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In the February issue of ADC, Joosten and colleagues have shown that nearly one in five children in The Netherlands are malnourished on admission to hospital, and they have reiterated a call for routine screening and treatment of malnutrition in all hospitals.1 In this unique nationwide study, Joosten and his team were able to enlist 44 hospitals in collecting data on 424 children. The response of the Dutch government to these findings has been to oblige their hospitals to screen all children for malnutrition on admission. A further effect of this study will be to reopen the debate about routine nutritional screening in hospitalised children elsewhere in Europe.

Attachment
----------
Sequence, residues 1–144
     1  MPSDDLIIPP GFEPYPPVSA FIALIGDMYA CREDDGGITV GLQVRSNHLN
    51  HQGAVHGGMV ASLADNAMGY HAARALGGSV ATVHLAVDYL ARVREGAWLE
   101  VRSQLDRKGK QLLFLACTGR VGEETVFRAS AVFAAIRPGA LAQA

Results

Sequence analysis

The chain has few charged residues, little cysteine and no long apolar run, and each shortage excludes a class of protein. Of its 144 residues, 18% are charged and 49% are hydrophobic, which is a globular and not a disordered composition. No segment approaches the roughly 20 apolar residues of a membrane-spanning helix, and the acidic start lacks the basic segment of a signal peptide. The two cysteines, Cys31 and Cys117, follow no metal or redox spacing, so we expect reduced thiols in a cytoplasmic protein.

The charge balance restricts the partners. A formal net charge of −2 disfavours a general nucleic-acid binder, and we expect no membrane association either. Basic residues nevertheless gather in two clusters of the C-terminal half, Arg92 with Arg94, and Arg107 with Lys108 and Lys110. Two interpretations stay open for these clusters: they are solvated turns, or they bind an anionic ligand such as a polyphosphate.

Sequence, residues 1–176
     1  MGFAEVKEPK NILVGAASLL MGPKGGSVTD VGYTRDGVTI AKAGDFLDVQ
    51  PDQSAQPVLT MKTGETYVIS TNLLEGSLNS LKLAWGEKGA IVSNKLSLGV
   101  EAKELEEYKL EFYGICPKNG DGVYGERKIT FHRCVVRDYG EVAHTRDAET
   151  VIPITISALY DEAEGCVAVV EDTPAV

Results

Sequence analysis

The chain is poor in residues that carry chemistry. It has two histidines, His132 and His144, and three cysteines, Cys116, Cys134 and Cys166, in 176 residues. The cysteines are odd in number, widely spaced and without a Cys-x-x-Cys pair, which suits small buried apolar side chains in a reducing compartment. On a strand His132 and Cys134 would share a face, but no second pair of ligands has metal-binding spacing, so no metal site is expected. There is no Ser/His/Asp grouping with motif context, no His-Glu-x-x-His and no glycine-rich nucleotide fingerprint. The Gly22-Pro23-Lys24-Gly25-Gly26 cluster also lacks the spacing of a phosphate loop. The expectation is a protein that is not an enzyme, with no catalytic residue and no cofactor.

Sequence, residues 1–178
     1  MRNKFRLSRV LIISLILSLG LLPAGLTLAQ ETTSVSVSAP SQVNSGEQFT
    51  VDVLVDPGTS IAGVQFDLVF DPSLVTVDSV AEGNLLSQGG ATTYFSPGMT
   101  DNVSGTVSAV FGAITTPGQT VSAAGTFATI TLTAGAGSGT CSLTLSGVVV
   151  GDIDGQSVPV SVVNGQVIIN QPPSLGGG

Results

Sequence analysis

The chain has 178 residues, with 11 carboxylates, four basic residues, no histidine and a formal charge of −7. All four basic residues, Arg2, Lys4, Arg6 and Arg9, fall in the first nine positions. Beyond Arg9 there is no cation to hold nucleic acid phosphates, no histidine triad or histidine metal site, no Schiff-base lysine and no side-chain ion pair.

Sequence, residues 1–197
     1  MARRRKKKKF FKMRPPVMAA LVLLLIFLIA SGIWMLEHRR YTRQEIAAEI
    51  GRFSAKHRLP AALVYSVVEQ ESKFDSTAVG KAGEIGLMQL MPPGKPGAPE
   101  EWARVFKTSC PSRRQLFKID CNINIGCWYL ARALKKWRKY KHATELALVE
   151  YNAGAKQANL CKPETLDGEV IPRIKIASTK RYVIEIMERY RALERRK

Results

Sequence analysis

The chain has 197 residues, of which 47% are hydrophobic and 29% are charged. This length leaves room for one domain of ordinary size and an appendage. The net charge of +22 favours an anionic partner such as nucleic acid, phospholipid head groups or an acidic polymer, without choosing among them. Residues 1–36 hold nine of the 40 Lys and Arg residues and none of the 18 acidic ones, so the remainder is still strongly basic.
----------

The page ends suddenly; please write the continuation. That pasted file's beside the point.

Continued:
The high prevalence of malnutrition in hospitalised children in The Netherlands is, in fact, similar to that reported in other European countries, USA, Brazil and Turkey. Nearly 20 years ago, Moy et al reported that 14% of 273 children in Birmingham Children's Hospital, UK were severely wasted, with a further 20% being considered to be ‘at risk’ of severe nutritional depletion.2 Similarly, last year, Pawelleck and colleagues found that 24.1% of 475 consecutive admissions to Dr von Hauner Children's Hospital in Munich, Germany were malnourished according to the Waterlow criteria.3 Not much has changed apparently in the last two decades.
Although comparisons between these studies are somewhat confounded by slightly different definitions of ‘malnutrition,’ the accumulation of published data does indicate the existence of what Moy et al called an ‘unrecognised reservoir of malnutrition …
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